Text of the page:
According to the American Association of Poison Control Centers, 40 exposures to liquid laundry detergent pods by 13- to 19-year-olds were reported during the first 11 days of this month. This is 20 percent of the number of occurrences in all of 2017. 

I’ll do the math for you: last year, 200 teenagers — and future Darwin Award winners — ate laundry detergent.

The poison control folks went on to say that more than half of this year’s incidents were deliberate. Last year, only 25 percent of the baby-powder-scented snacks were scarfed on purpose.

That means last year, of the 200 incidents, 150 were by mistake.

How on earth does someone who is at least in middle school eat a little sack of laundry detergent on purpose, much less by mistake?

I’ve got some bad news, Tommy Teenager. Brittany Bodacious isn’t going to start like-liking you because you Snap-chatted yourself in the laundry room munching on soap.

Whether you believe in evolution or not, you’ve got to hand it to Darwin for his theory of natural selection when viewed through the lens of the Tide Pod Challenge.

I cruised over to Tide’s twitter page, and saw where they tweeted: “What should Tide PODs be used for? DOING LAUNDRY. Nothing else.”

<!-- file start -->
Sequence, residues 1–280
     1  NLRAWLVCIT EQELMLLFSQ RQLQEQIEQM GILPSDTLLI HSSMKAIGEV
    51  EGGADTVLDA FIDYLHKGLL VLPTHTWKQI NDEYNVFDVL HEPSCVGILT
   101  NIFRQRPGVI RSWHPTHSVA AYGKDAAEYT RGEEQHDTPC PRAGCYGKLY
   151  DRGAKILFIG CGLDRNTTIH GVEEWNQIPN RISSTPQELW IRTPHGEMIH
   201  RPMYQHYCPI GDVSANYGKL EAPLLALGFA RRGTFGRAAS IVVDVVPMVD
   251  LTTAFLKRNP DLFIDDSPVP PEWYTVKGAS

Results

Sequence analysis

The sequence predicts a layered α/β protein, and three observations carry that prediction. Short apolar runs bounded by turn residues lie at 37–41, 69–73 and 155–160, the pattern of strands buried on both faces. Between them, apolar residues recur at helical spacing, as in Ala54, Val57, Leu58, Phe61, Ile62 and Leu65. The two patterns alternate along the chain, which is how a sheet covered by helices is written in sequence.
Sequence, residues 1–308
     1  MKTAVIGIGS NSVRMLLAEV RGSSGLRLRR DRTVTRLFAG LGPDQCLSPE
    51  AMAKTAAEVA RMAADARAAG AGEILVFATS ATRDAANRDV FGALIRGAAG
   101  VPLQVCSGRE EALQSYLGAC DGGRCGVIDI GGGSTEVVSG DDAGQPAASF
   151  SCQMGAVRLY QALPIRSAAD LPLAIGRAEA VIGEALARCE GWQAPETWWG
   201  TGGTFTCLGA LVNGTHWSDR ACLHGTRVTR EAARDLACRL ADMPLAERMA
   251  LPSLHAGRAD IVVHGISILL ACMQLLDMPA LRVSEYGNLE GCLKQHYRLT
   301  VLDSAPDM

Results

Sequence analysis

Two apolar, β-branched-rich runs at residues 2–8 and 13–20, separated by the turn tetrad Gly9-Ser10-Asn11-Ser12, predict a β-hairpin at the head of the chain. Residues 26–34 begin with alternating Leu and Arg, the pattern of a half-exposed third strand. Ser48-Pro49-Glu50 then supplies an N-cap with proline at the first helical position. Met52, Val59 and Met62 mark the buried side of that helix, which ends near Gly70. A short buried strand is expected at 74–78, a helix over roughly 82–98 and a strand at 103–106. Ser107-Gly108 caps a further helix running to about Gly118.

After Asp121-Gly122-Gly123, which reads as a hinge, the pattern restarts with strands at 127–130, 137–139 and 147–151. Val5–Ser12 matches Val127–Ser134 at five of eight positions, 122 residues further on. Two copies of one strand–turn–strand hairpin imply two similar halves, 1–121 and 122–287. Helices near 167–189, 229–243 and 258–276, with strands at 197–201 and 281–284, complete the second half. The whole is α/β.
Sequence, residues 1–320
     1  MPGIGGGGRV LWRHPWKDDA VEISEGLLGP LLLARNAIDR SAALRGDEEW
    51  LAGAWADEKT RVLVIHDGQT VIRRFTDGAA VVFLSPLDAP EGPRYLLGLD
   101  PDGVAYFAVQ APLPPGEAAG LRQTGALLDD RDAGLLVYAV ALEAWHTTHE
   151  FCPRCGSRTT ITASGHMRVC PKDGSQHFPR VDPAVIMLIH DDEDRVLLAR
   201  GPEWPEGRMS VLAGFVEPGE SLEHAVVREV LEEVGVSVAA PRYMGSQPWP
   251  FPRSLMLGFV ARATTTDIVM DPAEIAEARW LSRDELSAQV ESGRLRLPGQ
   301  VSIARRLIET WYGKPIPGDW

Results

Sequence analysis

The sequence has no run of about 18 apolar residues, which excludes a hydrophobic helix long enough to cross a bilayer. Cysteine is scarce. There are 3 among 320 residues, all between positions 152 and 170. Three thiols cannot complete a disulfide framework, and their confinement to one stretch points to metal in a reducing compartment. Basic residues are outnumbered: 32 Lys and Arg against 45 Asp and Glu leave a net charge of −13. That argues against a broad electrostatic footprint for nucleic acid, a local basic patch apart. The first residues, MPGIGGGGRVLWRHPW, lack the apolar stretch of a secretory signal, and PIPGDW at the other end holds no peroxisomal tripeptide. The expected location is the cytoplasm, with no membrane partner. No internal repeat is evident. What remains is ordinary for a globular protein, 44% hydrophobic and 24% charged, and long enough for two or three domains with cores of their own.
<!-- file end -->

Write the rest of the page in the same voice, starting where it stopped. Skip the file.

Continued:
Right below that was a re-tweet of someone’s blog titled “Laundry Safety Tips for Teens.”

Isn’t that beautiful.

Laundry safety for teens used to mean Tommy made sure he didn’t leave any contraband in his pockets before mom went through them while filling the washer.

I really didn’t think we needed to tell kids not to eat detergent, but since we do, maybe we should be proactive and put out some similar warnings.

Don’t put fire ants in your ear.

Take the ketchup out of the bottle before eating.

Open the sliding glass door before exiting.

Keep your eyes open while driving.

Use an oven mitt before removing the cast-iron skillet from the oven.

Do not hold the chainsaw by the chain.

Did I miss any?

I didn’t even get to ladders.

Of course, we’ve already got ladders covered. I always wondered who the fool was who led to ladder factories requiring those big yellow “this is not a step” warning stickers on the top. Whoever it was, I’ll bet he had laundry detergent on his breath.

If I had it to do over again, I would go to law school. I don’t believe there will ever be enough attorneys in the world to keep up with the lawsuits that will result from people being able to cash in because they hurt themselves doing painfully stupid things.

On the other hand, maybe this discredits Darwin’s theory of evolution once and for all, because if we’re videoing ourselves eating soap, we haven’t evolved very much.

The New Millennium has been Up, Down and Sideways

barry currin, stories of a world gone mad, beaverdamusa.comCongratulations on another anniversary of being Y2K ready.

It seems like just yesterday we were crossing through the 19 on our checks and replacing it with 2000. We’ve seen a lot since then.